Events - Weekly
|Sunday, December 2|
|Monday, December 3|
Jeff Gore, MIT, Anticipating sudden transitions in biological populations: Cooperation, cheating, and collapse
Anticipating sudden transitions in biological populations: Cooperation, cheating, and collapse
Natural populations can suffer catastrophic collapse in response to small changes in environmental conditions, and recovery after such a collapse can be exceedingly difficult. We have used laboratory microbial ecosystems to study early warning signals of impending population collapse. Yeast cooperatively breakdown the sugar sucrose, meaning that below a critical size the population cannot sustain itself. We have demonstrated experimentally that changes in the fluctuations of the population size can serve as an early warning signal that the population is close to collapse. The cooperative nature of yeast growth on sucrose suggests that the population may be susceptible to cheater cells, which do not contribute to the public good and instead merely take advantage of the cooperative cells. We confirm this possibility experimentally and explore how such social parasitism can lead to population extinction.
Carl Icahn Lab 101 · 4:15 p.m.– 5:15 p.m.
|Tuesday, December 4|
Nicholas Ingolia, Carnegie Institution, Global profiling of translation initiation and protein synthesis
Proteins are the ultimate functional products of most genes, and protein synthesis is a key point of regulation in determining the amount of protein that a cell produces. Translational regulation can also control the production of different protein isoforms from the same transcript and can impact the folding and localization of these protein products. Our appreciation of the full biological impact of translational control has been limited by the difficulty of measuring in vivo translation. We have addressed this challenge by developing ribosome profiling as a technique for monitoring gene expression, globally, at the level of actual protein synthesis. We identified a broad program of translational regulation linked to cell growth, acting in mouse embryonic stem cells as well as in cancer cells, downstream of the mammalian target of rapamycin (mTOR) kinase. Ribosome profiling also revealed unexpected complexity in translation initiation, which likely represents a mechanism controlling protein synthesis. In a few well-studied genes, alternative upstream translation start sites provide transcript-specific control of protein synthesis. Our results suggest that this mechanism could affect many genes, including key regulators of proliferation and pluripotency in ES cells. Alternate sites of translation initiation also yield alternate protein isoforms with distinct and even opposing functions. Ribosome profiling promises to further expand our understanding of the proteins synthesized by the cell and the regulation of their expression.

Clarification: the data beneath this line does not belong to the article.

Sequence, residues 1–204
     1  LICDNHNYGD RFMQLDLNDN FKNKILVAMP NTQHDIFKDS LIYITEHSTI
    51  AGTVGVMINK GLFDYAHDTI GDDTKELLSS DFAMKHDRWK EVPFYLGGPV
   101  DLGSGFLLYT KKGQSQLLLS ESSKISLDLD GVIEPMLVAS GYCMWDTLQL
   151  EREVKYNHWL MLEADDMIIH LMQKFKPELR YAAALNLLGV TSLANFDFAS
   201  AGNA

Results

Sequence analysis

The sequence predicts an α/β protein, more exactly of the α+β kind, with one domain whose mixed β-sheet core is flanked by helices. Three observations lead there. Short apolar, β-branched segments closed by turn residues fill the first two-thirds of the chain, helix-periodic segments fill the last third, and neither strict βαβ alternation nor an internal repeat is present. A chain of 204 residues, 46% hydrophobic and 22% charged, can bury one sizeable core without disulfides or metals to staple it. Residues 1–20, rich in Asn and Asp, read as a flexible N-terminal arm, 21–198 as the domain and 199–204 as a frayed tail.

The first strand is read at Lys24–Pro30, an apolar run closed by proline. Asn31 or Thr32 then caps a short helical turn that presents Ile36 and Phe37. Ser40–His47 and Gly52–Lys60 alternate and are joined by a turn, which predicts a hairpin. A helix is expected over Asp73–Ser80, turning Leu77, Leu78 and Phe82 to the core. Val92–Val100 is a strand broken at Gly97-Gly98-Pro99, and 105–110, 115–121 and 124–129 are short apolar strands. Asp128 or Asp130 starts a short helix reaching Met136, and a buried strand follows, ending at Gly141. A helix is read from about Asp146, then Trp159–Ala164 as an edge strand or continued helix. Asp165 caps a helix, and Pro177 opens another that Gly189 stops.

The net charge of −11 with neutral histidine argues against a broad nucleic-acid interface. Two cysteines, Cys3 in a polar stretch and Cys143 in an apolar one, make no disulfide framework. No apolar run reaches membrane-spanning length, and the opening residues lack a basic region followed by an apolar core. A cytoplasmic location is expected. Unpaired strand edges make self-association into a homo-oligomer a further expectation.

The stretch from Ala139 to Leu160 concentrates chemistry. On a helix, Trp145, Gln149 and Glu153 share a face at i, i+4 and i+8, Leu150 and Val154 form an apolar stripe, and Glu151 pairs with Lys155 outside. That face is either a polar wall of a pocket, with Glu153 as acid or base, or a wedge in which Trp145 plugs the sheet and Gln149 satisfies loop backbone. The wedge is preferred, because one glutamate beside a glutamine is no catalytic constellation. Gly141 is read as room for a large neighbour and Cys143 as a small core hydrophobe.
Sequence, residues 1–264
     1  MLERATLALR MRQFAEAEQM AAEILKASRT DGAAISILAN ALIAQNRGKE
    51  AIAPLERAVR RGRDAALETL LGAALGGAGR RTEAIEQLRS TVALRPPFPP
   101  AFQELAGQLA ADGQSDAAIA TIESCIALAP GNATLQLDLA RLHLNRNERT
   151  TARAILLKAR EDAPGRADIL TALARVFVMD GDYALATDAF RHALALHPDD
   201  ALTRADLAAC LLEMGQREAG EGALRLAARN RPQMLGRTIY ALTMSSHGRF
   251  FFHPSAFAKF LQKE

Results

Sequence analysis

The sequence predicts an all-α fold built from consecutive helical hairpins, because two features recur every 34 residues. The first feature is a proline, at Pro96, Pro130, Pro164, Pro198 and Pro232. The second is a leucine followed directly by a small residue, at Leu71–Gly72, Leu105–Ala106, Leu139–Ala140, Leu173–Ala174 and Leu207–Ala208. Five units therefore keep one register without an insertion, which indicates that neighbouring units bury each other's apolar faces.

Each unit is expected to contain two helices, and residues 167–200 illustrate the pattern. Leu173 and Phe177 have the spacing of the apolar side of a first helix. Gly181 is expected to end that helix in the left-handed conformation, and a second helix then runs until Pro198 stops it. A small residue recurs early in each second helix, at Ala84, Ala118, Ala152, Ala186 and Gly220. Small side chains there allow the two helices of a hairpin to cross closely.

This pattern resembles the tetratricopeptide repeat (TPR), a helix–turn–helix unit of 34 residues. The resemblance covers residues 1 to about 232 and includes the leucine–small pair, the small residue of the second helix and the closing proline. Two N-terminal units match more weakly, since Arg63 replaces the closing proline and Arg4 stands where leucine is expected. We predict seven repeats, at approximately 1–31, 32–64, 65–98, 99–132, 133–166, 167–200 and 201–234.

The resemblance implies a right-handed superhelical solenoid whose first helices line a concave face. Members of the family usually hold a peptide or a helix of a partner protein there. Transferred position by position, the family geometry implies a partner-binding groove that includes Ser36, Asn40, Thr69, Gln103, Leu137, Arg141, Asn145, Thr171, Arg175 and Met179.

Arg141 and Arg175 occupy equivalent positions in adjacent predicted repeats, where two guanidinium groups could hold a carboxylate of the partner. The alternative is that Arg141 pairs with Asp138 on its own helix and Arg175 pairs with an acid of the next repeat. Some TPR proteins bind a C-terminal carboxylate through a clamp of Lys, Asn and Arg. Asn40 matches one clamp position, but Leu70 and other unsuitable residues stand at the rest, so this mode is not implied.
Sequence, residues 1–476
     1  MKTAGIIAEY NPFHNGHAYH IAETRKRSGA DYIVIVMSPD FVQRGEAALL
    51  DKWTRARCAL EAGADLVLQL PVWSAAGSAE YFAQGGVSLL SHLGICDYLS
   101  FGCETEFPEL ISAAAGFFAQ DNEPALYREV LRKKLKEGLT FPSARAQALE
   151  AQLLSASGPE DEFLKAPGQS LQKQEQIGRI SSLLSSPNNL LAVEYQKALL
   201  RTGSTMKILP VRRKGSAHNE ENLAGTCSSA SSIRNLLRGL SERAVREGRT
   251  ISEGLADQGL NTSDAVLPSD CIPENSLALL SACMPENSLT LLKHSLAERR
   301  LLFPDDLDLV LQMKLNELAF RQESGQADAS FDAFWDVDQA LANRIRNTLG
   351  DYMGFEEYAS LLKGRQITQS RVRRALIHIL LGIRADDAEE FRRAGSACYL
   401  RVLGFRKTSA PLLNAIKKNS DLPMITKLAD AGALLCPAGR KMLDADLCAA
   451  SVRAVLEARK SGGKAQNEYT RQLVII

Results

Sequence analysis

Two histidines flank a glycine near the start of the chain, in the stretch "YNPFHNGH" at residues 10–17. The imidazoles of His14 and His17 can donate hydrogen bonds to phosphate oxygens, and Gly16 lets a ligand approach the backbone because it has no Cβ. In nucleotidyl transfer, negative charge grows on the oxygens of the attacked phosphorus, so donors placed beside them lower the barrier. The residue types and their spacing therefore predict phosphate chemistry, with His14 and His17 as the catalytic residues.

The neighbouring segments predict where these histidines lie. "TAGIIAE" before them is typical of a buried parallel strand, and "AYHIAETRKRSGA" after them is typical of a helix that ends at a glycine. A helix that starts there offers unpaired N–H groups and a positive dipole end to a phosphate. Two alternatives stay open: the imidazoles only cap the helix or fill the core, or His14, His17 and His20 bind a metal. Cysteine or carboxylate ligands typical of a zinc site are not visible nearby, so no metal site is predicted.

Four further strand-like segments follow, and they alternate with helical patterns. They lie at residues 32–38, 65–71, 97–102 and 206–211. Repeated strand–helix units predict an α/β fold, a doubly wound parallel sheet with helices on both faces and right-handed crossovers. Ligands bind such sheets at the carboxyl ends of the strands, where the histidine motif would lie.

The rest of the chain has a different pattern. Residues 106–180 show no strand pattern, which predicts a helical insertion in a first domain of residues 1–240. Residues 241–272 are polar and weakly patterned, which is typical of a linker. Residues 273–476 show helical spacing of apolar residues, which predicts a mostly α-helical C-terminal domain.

Carl Icahn Lab 101 · 3:30 p.m.– 4:30 p.m.
|Wednesday, December 5|
|Thursday, December 6|
|Friday, December 7|
Gloria Brar, UCSF, Using high-resolution translation measurements to define meiotic cellular remodeling and redefine genome coding
Meiosis is a complex and well-conserved program of cellular differentiation. I performed genome-wide measurements of mRNA abundances and new translation using ribosome profiling through yeast meiosis to better understand the molecular basis for the full cellular restructuring that accompanies meiotic chromosome segregation. This global view of translation through a developmental process revealed great complexity to the protein complement of these differentiating cells, both in the number and the structure of expressed genes. Nearly every gene in the yeast genome was translated in meiotic cells in a strongly stage-specific manner, including disparate and regulated induction of conserved canonical stress pathways such as the Unfolded Protein Response. Translational regulation contributed broadly to this temporal control of protein synthesis timing through several distinct mechanisms. Additionally, meiotic translation of thousands of novel short ORFs was observed, expanding our view of what constitutes a coding region even in the most well annotated eukaryotic genome.
Lewis Thomas Lab 003 · 9:30 a.m.–10:30 p.m.
|Saturday, December 8|